- To promote research and production in new forms of artistic expression that exploit new technologies
- To provide visibility to artworks and young artists working in the field of art and technology
- To present international artworks to young artists and the general Turkish public
- To bring critical topics in art and technology to public attention
- To improve young artists’ perception of technology by encouraging active and creative use of it
- To create a new international art and technology network between East and West
amberFestival has worked on realizing these objectives in the past years and has created a new international scene on the crossroads of art and technology. The themes of the past 6 festivals were “Voice and Survival” “Interpassive Persona”, “Uncyborgable?”, “Datacity”, “Next Ecology”, “Paratactic Commons”; each with references to local as well as international panoramas. This year we focused on smartness, the market-speak of today’s technologically sophisticated conditions, with a critical approach. Festival theme entitled “Did you plıg it in?” with a subtitle “fool your smartness”.
Figure 7: artist’s presentations, amber’09
In the previous six editions of amberFestival combined, 218 artists and researchers have presented their work; Stelarc, Bill Vorn, Marcel.li Antunez Roca, Mladen Dolar, Robert Pfaller among them. Over 149 installations were exhibited, 26 workshops, 18 performances, 14 lectures, more that 100 paper presentation and talk and 53 artist presentations were realized.
From the first installment of the festival presenting the work of local artists has been an important issue. amberFestival encouraged young artists and tried to make sure that a quarter of the exhibited works were created by local artists. So far, 54 local artists have exhibited their works at amberFestivals. For most young artists it is the first international presentation of their work and a great opportunity for networking.
amberFestival helped create awareness about the Art and Technology field and brought critical topics to public attention. The themes of the festival encouraged broad discussion of important topics related to technology and society. Starting in 2009 with amberConference the topics became even more visible to, and elicited the participation of, a larger audience.
The first international amberConference was held in conjunction with the 2009 amber Art and Technology Festival. amberConference aims at creating a platform of discussion and dissemination of various themes and topics in which science, art and technology converge. Now in its fifth year, amberConference continues in close collaboration with İstanbul Modern, İstanbul Technical University, Sabancı University and the University of Southampton.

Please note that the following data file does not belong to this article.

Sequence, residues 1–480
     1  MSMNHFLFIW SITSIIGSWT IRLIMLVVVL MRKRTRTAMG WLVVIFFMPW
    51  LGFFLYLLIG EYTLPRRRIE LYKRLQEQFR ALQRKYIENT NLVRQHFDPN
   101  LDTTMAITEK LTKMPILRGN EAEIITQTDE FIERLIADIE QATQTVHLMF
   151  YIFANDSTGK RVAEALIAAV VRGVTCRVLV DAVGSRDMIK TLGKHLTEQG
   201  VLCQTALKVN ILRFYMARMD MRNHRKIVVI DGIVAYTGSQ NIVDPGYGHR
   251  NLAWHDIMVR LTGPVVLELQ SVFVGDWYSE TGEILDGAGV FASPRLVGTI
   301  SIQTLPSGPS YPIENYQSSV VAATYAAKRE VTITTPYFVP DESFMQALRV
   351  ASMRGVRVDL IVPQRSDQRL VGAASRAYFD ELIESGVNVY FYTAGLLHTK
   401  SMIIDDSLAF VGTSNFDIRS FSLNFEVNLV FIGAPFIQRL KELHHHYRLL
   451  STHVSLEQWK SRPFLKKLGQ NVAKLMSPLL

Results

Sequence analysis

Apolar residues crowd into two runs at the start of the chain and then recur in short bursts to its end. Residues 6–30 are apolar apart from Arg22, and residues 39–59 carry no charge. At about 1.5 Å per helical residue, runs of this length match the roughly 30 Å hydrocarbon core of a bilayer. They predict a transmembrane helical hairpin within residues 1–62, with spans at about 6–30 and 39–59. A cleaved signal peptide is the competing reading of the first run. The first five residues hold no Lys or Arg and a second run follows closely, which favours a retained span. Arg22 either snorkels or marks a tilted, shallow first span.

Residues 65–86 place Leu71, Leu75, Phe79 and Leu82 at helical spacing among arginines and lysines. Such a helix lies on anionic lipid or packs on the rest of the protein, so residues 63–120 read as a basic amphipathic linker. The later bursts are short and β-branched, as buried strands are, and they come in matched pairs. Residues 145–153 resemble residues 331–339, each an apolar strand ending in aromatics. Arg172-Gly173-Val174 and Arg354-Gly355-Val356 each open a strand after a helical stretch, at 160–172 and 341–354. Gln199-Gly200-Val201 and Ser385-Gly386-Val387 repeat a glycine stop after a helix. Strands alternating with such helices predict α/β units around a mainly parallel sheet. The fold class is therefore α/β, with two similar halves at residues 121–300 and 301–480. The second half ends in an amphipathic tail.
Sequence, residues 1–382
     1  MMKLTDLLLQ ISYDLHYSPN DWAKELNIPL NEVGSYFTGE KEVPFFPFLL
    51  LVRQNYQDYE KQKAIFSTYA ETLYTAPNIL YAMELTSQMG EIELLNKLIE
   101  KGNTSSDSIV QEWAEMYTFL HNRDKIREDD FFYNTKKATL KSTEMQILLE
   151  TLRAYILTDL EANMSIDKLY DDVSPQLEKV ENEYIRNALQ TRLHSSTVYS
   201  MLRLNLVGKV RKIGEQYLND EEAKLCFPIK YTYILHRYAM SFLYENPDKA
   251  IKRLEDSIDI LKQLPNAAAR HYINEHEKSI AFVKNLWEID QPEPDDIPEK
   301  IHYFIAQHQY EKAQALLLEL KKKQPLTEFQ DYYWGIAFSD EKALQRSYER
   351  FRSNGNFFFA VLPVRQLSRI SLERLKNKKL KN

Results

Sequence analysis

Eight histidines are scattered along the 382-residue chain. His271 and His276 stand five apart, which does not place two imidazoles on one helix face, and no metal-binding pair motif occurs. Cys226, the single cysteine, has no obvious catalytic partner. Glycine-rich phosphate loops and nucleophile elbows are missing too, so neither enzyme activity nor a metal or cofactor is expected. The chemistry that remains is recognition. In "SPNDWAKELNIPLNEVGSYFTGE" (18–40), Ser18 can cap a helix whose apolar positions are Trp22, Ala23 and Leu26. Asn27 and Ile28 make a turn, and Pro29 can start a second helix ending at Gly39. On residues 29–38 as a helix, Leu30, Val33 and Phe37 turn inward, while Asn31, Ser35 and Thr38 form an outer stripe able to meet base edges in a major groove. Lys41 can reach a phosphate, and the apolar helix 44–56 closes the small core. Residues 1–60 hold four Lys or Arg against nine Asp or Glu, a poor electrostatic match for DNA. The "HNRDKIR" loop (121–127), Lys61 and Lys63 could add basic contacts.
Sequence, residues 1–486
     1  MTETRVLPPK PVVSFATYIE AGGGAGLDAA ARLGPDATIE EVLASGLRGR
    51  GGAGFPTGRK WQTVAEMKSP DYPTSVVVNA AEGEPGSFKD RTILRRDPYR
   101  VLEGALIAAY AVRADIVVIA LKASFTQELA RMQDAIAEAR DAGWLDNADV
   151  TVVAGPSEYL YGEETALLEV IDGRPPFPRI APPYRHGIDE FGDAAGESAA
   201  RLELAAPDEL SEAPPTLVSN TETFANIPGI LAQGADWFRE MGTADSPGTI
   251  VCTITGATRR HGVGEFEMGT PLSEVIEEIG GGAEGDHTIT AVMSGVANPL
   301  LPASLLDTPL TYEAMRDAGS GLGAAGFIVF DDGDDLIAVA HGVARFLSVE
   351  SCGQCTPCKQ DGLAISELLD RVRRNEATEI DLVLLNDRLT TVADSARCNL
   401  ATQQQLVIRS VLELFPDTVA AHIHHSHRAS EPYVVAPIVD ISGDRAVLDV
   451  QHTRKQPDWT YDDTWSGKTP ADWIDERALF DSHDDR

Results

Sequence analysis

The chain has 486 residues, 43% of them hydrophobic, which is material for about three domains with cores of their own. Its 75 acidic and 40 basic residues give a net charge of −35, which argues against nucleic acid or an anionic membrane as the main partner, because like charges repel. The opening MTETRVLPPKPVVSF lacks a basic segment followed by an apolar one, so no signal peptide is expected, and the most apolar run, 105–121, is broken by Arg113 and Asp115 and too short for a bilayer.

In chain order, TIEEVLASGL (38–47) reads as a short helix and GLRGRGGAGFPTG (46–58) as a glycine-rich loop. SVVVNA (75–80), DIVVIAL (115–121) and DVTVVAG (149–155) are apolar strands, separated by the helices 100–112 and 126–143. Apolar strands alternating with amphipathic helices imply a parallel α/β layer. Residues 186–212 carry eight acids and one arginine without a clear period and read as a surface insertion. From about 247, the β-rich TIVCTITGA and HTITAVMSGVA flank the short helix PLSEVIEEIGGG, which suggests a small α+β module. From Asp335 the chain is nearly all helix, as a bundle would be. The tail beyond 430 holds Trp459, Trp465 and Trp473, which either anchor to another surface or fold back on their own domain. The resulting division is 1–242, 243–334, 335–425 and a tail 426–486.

amberPlatform also created or collaborated on other projects abroad and exhibited works of artists who live and work in Turkey. Luna Park was a collaboration with Dortmund based Artsceneco, with exhibitions in Munich, İstanbul and Dortmund. Intercult Playface was an exhibition in Museum Quartier in collaboration with Interface Culture Master program. In 2012 we exhibited new media artworks from Turkey in The Hague, The Netherlands with exhibition title “Commons Tense” in collaboration with local TodaysArts Festival. Part of this exhibition also showed in gallery HBKsaar in Saarbrucken, Germany.
BIS runs several other projects on the crossroads of art, technology and society. I like to mention few of them to picture the wide range of interests and actual works that amberPlatform executes in parallel to its effort in the art scene. The fund raising process for amberFabLAB is about to be finalized and it is expected to be operational in the fall 2013. amberFabLAB will be a fabrication laboratory that aims to democratize the production and to disseminate the making of culture as a node of the international fablab network. Open Data Open City is another ongoing amberPlatform project that aims to build an Open Data Portal and to advocate openness culture and transparency for the state with the help of todays technologies.
BIS remains one of the important actors that shaped, and continues to shape, the art and technology scene in Turkey.
This article published on Rozenberg Quarterly and can be found on http://rozenbergquarterly.com/?p=5101